Why Basically Everyone Fails at Work-Life Balance (& What Bob Sutton Believes)
A weekly post in which I share (some of) the most thought-provoking content I read this week(ish), which I am too lazy to write full blog posts about.
It was 14 degrees and sunny here in Toronto today, so I saw people in boots and parkas, and one guy in Bermuda shorts and flip flops…because Canada. It’s a nice end to a packed week! In addition to the great reads outlined below, if you want to hear me talk about organizational culture, please check out this podcast I was very pleased to be part of with Anthony C. Taylor at “Strategy and Leadership” (Anthony also provides an excellent summary of the points we discussed if you’re not into podcasts).
Okay, on to the musings!
13 Things I Believe – Bob Sutton
For the last 15 years of his 30 years as a professor, Bob Sutton has ended his organizational behaviour courses by sharing a list of what he believes. This list is populated with (as he describes it), “Biased but mostly evidence-based opinions on management and life”. The list has gone through a few iterations over time, and about 10 years ago, Sutton published it on his excellent website Work Matters. This article represents the latest iteration of that list.
The list isn’t long, so it’s well worth a few minutes of your time and I’ll share my favorite points below. Aside from the satisfaction of reading the distilled wisdom of such an experienced practitioner and thinker, this post made me think about how we codify our personal knowledge as professionals and humans.
I’ve kept and updated an Evernote list titled “What I Believe” for the last 6 years, refining my thoughts on organizations and people and HR based on my experiences, reading, and learning from others. I can only hope that one day it reflects a fraction of the hard-won experience and wisdom Professor Sutton’s does. I’ve never shared it with anyone (nor do I have intentions to, although I am never shy about sharing many of the opinions it contains), but I guess I always assumed that this was just one more weird, nerdy habit I had. Reading Sutton’s post made me wonder if this is a more common practice than I have assumed.
It reminded me of this 2016 post I love from Tony Stubblebine of Coach.me (great habit app!) about his Codex Vitae, or ‘Book of Life’ which contains his “beliefs, strategies, life hacks and bits of wisdom”. He credits this idea’s origin to a Rob Sloan novel. There is something extremely appealing about the idea of recording that which comes to feel true and solid to each of us. Maybe it’s the sense that it will prevent us from making the same mistakes, or that it will provide visual evidence that our mistakes and everyday suffering have been worthwhile. Or maybe it’s just another case of us humans trying to bring order and certainty to a world that is uncertain and always in flux…I don’t know. But I’m going to keep updating my list!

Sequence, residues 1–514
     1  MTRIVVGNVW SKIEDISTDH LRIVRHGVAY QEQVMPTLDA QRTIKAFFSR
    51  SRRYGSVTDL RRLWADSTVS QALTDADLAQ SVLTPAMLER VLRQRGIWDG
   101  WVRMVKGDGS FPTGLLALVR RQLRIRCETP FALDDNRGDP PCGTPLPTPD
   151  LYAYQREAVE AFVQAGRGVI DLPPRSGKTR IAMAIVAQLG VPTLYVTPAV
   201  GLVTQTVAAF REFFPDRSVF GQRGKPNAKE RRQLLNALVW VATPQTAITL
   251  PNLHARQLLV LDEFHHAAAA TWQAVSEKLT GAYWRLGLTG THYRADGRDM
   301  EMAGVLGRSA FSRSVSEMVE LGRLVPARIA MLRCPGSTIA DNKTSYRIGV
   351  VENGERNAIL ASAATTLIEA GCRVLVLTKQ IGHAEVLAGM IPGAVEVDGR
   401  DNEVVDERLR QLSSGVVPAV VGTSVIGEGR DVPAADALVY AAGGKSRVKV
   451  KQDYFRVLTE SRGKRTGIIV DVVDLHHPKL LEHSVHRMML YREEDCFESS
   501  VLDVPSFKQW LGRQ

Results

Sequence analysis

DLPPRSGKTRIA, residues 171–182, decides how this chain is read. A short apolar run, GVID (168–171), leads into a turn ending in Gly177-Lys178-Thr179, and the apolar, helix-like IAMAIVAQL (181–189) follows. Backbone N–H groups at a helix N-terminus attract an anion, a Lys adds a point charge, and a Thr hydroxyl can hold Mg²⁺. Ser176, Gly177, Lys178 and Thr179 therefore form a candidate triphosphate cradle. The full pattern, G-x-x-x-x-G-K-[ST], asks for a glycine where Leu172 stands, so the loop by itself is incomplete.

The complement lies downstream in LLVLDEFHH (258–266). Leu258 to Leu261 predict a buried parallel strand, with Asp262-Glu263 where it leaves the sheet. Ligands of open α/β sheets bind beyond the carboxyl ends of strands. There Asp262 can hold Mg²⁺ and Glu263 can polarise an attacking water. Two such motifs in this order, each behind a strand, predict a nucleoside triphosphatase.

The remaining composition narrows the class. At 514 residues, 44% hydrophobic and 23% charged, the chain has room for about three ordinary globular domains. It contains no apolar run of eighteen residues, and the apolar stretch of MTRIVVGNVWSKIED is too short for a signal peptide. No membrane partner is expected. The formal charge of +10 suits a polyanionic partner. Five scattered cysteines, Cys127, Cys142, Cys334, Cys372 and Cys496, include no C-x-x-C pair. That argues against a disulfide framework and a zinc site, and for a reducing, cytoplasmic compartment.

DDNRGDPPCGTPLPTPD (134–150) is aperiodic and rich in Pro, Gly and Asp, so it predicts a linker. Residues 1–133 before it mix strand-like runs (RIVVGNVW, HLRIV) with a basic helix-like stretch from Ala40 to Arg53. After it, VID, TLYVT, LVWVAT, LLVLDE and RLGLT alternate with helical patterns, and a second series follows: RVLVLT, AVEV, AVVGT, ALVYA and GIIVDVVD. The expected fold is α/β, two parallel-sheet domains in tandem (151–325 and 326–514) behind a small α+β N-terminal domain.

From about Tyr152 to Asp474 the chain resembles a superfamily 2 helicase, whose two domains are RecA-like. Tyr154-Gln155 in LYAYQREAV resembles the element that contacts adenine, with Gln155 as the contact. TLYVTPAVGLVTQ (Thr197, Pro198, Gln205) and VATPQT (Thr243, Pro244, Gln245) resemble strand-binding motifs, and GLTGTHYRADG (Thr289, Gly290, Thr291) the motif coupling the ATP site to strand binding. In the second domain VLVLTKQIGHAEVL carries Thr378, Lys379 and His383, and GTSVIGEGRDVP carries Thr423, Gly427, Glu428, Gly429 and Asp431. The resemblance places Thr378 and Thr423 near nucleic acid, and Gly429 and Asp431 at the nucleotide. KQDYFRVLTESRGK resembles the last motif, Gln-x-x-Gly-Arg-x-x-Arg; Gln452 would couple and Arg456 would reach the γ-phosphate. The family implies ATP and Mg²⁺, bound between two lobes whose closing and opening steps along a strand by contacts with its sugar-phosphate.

My favorite items from Sutton’s list include:
Indifference is as important as passion
“Am I a success or a failure?” is not a very useful question. It is better to ask “what am I learning.”
Fear the clusterfuck “those debacles and disasters caused by a deadly brew of illusion, impatience, and incompetence that afflicts too many decision-makers, especially those in powerful, confident, and prestigious groups.”
Even Work-Life Balance Experts Are Awful at Balancing Work and Life – Brooke Schulte, Science of Us (New York Magazine)
This article is an excellent overview of the deeper issues underlying the normalization of overwork. It frames that exploration with the struggles that work life balance experts and advocates face to walk their talk to pose the question: why is it so hard for us to adopt change that are so clearly beneficial to us in so many ways?
Professor David Dunning (of Dunning-Kruger effect fame) suggests we oversimplify these changes:
People may overestimate their ability to achieve work-life balance,” he said. “But it turns out, it’s a much more difficult task than anyone imagined. It requires more savvy, more discipline. And we’re not tuned into that.
Among the causes of the difficulty individuals and organizations face in making work life balance more tenable is that we are driven to fit in, to measure up to our peers. When we look around and see everyone else working long hours, rushing around, complaining about their packed calendars, the pressure mounts to not look like a slacker. One problem though:
One eye-opening recent study found that some men in a top strategy-consulting firm only pretendedto work 80 hours a week to “pass” as superhero “ideal workers,” because that’s the kind of behavior that was rewarded with bonuses, promotions, and accolades. And their bosses had no idea. (Which, the researcher said, shows that putting in such nutty hours is “not necessary for high-quality work.”)
The author outlines other factors that contribute to our inability to dial back the work hours and connectivity, but one of the most intriguing is that we simply haven’t designed work to be balanceable (that is totally not a word).